Young Historian goes the extra mile with fantastic film
A young Historian has embraced his love of History to produce a series of outstanding projects that have really impressed his teachers.
Myles Fairhurst, in Year 7, is passionate about History, especially World War 1 and 2. This keen interest has led him to consistently create exceptional work of a standard that a student two or three years older would produce. Eleven-year-old Myles portrays his love of History through a number of mediums, including fantastic creative writing, tremendous artwork and, most recently, through film.
Myles’ started his film, which is called ‘The Lost Soldier’, during the Christmas holidays. Myles plays the main role and he has just released a trailer which immediately evokes tension and suspense, depicting a World War 1 soldier who finds himself lost in the open countryside. The trailer can be enjoyed HERE
Myles is creating this film on his own initiative after being inspired by his after-school Drama Llamas club’s production in December. The group were working on a World War 1 piece about the Christmas Truce and Myles provided a number of ideas, as well as bringing in a soldier’s script which was used as a stimulus. He then went a step further with his own video project.
Myles said: “I had lots of fun making and editing the trailer. I am really interested in the history of the World Wars and received a WW1 soldier’s uniform for Christmas. Having worked on the Christmas Truce production in school it gave me the idea to create my own film. For the trailer, I put on my uniform and filmed near a local farm, close to where I live in Aycliffe Village, with my Dad’s iphone and gimble to film it. Having the replica uniform really helped me to get into the character of a lost soldier. I will be releasing my film later in the year, as I have a lot of work to do on the narration and story-boarding to put together the sequence of the film.”
Miss Paul, leader of the Drama Llama theatre group, said: ”Myles has taken his love for Drama and combined this with his keen interest in World War 1 history to create a video. His fabulous trailer is just a taste of what is to come and I can’t wait to see the video, which I know will be superb. What a way to go the extra mile.”
As well as producing his own film, Myles created the most stunning piece of artwork of a World War 1 soldier, which was a focal point of a display in the school library during November to mark Armistice Day. Myles was inspired by the artwork of Martin Brown, the illustrator of the Frightful First World War books in Terry Deary’s Horrible Histories collection and said: “Art is one of my favourite subjects and I enjoy creating artwork from both world wars but I like the style of a First World War solider, especially the traditional Tommy helmets. When I was drawing this soldier I imagined that he was writing a letter home to his family to tell them that he was fine and needed more chocolate! I also like to draw characters for my stories that I write.”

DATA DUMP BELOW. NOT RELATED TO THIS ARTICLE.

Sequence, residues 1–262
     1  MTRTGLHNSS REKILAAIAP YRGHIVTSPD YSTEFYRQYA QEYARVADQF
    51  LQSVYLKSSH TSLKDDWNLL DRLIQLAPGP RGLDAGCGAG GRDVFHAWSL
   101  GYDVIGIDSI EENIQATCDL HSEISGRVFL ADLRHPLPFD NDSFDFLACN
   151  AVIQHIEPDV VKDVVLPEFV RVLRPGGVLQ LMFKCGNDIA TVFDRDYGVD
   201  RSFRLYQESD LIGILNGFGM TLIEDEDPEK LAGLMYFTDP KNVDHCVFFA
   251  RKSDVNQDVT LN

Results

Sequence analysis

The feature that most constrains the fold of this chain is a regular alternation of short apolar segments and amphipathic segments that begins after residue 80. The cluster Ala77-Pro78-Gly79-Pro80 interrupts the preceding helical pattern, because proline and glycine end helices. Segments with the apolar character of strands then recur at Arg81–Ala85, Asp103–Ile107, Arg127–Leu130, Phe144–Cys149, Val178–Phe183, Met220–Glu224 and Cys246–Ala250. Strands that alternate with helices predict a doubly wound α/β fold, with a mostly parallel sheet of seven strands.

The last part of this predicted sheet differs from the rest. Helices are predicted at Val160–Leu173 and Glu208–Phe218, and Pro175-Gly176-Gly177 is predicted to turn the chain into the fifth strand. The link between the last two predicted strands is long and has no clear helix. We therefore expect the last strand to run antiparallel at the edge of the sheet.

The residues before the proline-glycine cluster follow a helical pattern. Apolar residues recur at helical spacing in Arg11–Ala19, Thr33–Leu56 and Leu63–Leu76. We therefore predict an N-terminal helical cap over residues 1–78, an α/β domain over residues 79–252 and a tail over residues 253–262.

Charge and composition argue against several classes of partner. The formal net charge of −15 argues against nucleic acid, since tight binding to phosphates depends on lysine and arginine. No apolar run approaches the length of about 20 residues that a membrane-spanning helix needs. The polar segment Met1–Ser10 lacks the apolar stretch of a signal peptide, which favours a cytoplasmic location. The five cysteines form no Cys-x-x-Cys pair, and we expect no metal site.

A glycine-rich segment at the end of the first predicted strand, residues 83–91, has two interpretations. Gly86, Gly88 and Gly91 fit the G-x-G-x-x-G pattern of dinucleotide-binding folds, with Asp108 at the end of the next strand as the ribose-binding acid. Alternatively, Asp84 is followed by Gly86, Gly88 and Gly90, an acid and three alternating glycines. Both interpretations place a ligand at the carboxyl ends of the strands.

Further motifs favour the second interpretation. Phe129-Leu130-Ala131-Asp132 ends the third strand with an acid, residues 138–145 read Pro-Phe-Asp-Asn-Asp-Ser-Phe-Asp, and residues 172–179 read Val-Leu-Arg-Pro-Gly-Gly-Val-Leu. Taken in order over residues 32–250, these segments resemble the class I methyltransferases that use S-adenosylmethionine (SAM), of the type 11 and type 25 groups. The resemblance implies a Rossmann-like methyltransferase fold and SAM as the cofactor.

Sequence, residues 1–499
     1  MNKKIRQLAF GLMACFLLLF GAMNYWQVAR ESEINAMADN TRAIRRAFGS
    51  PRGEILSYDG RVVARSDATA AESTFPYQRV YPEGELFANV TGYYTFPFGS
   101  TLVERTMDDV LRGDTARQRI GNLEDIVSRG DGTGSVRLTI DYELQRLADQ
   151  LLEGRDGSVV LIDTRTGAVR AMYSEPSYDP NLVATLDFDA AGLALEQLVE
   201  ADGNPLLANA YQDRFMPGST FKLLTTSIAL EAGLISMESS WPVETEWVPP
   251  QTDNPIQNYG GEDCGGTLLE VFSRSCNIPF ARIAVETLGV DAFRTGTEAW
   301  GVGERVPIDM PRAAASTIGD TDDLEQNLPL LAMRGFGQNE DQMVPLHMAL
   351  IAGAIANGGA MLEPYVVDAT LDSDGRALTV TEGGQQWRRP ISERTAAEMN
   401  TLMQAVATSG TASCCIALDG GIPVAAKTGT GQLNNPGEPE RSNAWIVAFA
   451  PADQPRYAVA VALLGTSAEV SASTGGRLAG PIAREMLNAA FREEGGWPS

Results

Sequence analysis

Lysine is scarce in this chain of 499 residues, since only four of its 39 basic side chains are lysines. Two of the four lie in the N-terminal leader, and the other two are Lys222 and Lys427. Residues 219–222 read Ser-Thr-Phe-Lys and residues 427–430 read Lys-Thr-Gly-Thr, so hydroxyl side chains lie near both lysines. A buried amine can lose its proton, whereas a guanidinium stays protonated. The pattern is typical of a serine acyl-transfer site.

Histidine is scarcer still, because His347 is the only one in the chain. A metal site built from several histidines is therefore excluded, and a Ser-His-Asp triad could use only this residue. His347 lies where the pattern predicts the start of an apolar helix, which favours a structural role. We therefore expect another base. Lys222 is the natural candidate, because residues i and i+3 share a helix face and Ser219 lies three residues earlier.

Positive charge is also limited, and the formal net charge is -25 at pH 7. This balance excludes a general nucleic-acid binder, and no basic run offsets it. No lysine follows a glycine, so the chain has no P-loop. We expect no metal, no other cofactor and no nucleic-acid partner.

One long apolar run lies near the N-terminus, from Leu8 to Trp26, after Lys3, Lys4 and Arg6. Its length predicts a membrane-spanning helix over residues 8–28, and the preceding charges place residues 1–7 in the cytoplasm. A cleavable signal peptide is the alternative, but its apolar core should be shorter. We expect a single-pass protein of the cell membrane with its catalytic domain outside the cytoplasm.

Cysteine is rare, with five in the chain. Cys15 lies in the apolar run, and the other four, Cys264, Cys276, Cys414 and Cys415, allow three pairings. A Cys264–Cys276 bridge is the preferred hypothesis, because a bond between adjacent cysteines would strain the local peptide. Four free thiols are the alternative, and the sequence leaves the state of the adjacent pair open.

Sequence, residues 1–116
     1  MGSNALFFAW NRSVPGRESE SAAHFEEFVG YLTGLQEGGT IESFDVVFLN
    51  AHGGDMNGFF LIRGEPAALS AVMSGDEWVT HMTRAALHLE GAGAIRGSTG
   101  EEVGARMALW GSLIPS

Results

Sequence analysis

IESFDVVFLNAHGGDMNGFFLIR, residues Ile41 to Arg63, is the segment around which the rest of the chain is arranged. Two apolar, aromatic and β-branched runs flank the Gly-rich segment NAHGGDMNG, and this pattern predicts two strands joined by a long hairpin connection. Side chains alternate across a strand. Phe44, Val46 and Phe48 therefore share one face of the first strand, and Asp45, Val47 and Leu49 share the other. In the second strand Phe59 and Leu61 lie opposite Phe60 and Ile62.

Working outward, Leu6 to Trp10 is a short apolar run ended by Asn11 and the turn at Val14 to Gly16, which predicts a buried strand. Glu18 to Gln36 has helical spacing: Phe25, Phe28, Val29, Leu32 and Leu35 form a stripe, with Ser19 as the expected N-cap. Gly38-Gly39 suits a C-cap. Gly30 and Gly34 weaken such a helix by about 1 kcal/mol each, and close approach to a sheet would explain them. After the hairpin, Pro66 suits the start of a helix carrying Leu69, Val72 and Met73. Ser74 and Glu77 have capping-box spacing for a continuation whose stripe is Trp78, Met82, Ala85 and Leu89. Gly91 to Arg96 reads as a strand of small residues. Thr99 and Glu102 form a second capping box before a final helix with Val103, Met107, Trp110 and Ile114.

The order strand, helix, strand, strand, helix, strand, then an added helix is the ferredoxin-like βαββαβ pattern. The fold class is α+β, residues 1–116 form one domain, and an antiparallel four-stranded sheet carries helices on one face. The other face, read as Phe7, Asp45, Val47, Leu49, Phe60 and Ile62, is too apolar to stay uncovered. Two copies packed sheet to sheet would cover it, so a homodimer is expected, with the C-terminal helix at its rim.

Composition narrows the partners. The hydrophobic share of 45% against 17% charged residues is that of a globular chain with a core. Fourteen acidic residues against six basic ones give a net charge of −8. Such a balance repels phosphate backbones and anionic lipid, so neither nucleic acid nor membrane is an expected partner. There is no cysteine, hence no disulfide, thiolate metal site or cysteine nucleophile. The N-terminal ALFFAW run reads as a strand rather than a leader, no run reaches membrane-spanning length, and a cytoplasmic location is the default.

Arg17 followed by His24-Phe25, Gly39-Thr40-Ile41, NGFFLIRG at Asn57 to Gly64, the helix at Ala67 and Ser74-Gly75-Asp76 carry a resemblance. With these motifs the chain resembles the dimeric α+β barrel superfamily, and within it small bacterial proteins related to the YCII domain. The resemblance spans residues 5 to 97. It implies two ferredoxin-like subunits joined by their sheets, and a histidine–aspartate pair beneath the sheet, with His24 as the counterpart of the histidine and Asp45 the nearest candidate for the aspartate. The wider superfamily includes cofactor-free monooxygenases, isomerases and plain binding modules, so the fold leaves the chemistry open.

A number of Myles’ relatives served in World War 1 and 2, including his great-grandfather James McAndrew who was in the Durham Light Infantry and the Cavalry during World War 1. His great-grandfather Albert Blakey served as a Gunner in the Royal Artillery in the World War 2. Another great grandfather, Mr Senior, was in the Canadian Regiment and was one of only two men out of 60 in one regiment that survived during the Battle of Passchendaele during World War 1.
Myles submitted his first History project to school even before he had started! As part of the primary transition work the school produces, ahead of students joining in Year 7, Year 6 students were tasked with creating a Victorian portrait. Myles went above and beyond the brief, producing a five-page Victorian newspaper packed full of interesting historical information, all written in an engaging style.
Jenna Potter, Headteacher, concluded: “I have been blown away by the way Myles keeps surprising and impressing us with his superb work. His attention to detail and the way he constantly looks to find ways of raising the bar is commendable. I knew he was going to be a student who was passionate about his studies as soon as he started. His transition work demonstrated our school values of creativity, independence and excellence, and he even recorded a short video of himself – complete with cravat and top hat – reading Tennyson’s poem, ‘The Eagle’. This was a creative and inspiring start to his Year 7 English work and he continues to delight and impress us with his projects.”